The King's Speech: good movie, very bad history.

A wartime lexicon.
Jan. 24 2011 12:20 PM

Churchill Didn't Say That

The King's Speech is riddled with gross falsifications of history.

Still of Colin Firth and Helena Bonham Carter in "The King's Speech."
Colin Firth and Helena Bonham Carter in The King's Speech 

The King's Speech is an extremely well-made film with a seductive human interest plot, very prettily calculated to appeal to the smarter filmgoer and the latent Anglophile. But it perpetrates a gross falsification of history. One of the very few miscast actors—Timothy Spall as a woefully thin pastiche of Winston Churchill—is the exemplar of this bizarre rewriting. He is shown as a consistent friend of the stuttering prince and his loyal princess and as a man generally in favor of a statesmanlike solution to the crisis of the abdication.

Christopher Hitchens Christopher Hitchens

Christopher Hitchens (1949-2011) was a columnist for Vanity Fair and the author, most recently, of Arguably, a collection of essays.

In point of fact, Churchill was—for as long as he dared—a consistent friend of conceited, spoiled, Hitler-sympathizing Edward VIII. And he allowed his romantic attachment to this gargoyle to do great damage to the very dearly bought coalition of forces that was evolving to oppose Nazism and appeasement. Churchill probably has no more hagiographic chronicler than William Manchester, but if you look up the relevant pages of The Last Lion, you will find that the historian virtually gives up on his hero for an entire chapter.

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By dint of swallowing his differences with some senior left and liberal politicians, Churchill had helped build a lobby, with strong grass-roots support, against Neville Chamberlain's collusion with European fascism. The group had the resonant name of Arms and the Covenant. Yet, as the crisis deepened in 1936, Churchill diverted himself from this essential work—to the horror of his colleagues—in order to involve himself in keeping a pro-Nazi playboy on the throne. He threw away his political capital in handfuls by turning up at the House of Commons—almost certainly heavily intoxicated, according to Manchester—and making an incoherent speech in defense of "loyalty" to a man who did not understand the concept. In one speech—not cited by Manchester—he spluttered that Edward VIII would "shine in history as the bravest and best-loved of all sovereigns who have worn the island crown." (You can see there how empty and bombastic Churchill's style can sound when he's barking up the wrong tree; never forget that he once described himself as the lone voice warning the British people against the twin menaces of Hitler and Gandhi!)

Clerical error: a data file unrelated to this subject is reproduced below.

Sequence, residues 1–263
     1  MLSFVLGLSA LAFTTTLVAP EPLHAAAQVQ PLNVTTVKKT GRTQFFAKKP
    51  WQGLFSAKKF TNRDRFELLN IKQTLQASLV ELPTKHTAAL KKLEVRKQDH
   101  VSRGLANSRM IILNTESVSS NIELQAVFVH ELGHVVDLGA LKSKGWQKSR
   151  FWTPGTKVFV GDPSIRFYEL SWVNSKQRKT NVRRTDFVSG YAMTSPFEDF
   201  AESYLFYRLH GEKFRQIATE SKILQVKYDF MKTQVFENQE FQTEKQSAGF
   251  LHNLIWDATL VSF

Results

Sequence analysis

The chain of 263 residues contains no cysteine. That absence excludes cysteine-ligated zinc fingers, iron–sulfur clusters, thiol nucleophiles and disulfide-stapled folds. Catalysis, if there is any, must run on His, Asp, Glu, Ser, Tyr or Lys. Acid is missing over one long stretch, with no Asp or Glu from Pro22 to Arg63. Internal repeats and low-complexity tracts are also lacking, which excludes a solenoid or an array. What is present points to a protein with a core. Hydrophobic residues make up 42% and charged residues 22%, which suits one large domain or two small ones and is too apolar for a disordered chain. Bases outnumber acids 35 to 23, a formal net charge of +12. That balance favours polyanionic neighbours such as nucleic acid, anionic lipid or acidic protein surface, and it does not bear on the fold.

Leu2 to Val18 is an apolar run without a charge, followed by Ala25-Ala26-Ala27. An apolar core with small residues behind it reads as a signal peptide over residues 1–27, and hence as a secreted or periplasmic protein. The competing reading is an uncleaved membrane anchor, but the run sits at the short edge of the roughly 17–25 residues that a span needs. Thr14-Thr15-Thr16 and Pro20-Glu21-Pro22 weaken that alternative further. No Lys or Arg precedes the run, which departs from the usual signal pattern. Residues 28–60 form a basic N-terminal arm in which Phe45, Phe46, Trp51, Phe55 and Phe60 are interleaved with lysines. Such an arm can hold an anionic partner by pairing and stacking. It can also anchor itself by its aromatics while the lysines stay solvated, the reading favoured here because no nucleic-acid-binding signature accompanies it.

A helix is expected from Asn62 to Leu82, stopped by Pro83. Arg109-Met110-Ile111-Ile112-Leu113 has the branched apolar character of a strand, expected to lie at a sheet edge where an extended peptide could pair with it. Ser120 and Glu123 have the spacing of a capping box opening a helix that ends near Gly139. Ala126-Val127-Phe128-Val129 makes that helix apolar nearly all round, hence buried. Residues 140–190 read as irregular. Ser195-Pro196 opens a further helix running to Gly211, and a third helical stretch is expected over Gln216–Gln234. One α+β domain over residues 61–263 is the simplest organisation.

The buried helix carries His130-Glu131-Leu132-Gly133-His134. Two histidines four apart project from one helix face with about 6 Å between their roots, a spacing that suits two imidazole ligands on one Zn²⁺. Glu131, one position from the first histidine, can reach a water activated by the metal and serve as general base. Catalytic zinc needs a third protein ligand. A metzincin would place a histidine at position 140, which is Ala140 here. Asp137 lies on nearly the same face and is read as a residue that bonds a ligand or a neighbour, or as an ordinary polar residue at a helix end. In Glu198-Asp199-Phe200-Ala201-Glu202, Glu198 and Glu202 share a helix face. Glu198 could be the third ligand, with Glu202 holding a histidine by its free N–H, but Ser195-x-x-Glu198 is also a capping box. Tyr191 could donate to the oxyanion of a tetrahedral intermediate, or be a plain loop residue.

In the end, Edward VIII proved so stupid and so selfish and so vain that he was beyond salvage, so the moment passed. Or the worst of it did. He remained what is only lightly hinted in the film: a firm admirer of the Third Reich who took his honeymoon there with Mrs. Simpson and was photographed both receiving and giving the Hitler salute. Of his few friends and cronies, the majority were Blackshirt activists like the odious "Fruity" Metcalfe. (Royal biographer Philip Ziegler tried his best to clean up this squalid story a few years ago but eventually gave up.) During his sojourns on the European mainland after his abdication, the Duke of Windsor never ceased to maintain highly irresponsible contacts with Hitler and his puppets and seemed to be advertising his readiness to become a puppet or "regent" if the tide went the other way. This is why Churchill eventually had him removed from Europe and given the sinecure of a colonial governorship in the Bahamas, where he could be well-supervised.

All other considerations to one side, would the true story not have been fractionally more interesting for the audience? But it seems that we shall never reach a time when the Churchill cult is open for honest inspection. And so the film drifts on, with ever more Vaseline being applied to the lens. It is suggested that, once some political road bumps have been surmounted and some impediments in the new young monarch's psyche have been likewise overcome, Britain is herself again, with Churchill and the king at Buckingham Palace and a speech of unity and resistance being readied for delivery.

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